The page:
Retail Theories

18/07/2020 1 By indiafreenotes

Retail theories encompass a wide range of concepts and models that help explain the dynamics, strategies, and challenges within the retail industry. These theories are developed to provide insights into consumer behavior, market trends, and effective retail management.

Retail theories provide valuable frameworks for understanding and navigating the complex dynamics of the retail industry. From consumer behavior and store location to marketing strategies and the impact of technology, these theories guide retailers in making informed decisions and staying competitive in an ever-evolving marketplace. The retail landscape continues to transform, and the application of these theories allows retailers to adapt, innovate, and meet the evolving needs of consumers.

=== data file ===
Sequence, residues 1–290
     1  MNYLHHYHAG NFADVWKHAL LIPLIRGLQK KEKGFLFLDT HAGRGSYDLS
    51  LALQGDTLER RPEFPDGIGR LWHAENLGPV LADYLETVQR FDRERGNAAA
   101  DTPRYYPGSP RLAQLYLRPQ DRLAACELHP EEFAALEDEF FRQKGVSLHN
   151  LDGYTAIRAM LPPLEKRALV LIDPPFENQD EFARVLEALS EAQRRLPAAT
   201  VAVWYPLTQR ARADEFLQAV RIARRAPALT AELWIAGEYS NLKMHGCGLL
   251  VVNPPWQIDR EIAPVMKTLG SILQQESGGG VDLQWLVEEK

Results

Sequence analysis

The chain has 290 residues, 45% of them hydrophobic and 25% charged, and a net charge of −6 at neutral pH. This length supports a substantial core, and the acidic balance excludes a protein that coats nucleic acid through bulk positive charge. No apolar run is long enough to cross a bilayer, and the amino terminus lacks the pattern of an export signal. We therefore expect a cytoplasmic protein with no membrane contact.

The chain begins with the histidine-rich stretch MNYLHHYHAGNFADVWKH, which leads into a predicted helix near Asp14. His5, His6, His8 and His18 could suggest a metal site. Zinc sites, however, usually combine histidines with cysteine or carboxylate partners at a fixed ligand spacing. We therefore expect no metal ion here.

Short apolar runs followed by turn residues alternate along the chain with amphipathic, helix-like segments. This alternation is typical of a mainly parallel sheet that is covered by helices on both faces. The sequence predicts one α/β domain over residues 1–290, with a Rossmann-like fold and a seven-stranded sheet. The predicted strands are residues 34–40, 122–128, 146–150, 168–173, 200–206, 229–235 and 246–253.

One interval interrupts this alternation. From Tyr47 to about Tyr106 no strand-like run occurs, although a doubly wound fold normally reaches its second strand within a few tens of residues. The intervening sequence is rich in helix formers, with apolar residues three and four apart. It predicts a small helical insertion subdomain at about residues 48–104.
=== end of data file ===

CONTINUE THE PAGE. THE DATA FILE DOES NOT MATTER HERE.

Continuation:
This session deals with the following theories namely:

  • Wheel of Retailing
  • Retail Accordian Theory
  • Theory of Natural Selection
  • Retail life cycle
  1. Wheel of Retailing

This theory talks about the structural changes in retailing. The theory was proposed by Malcomb McNair and according to this theory it describes how retail institutions change during their life cycle. In the first stage when new retail institutions start business they enter as low status, low price and low margin operations. As the retail firms achieve success they look in for increasing their customer base.

They begin to upgrade their stores, add merchandise and new services are introduced. Prices are increased and margins are raised to support the higher costs. New retailers enter the market place to fill the vacuum, while this continues to move ahead as a result of the success. A new format emerges when the store reaches the final stage of the life cycle. When the retail store started it started low but when markets grew their margins and price changed. The theory has been criticized because they do not advocate all the changes that happen in the retail sector and in the present scenario not all firms start low to enter the market

  1. Retail Accordian Theory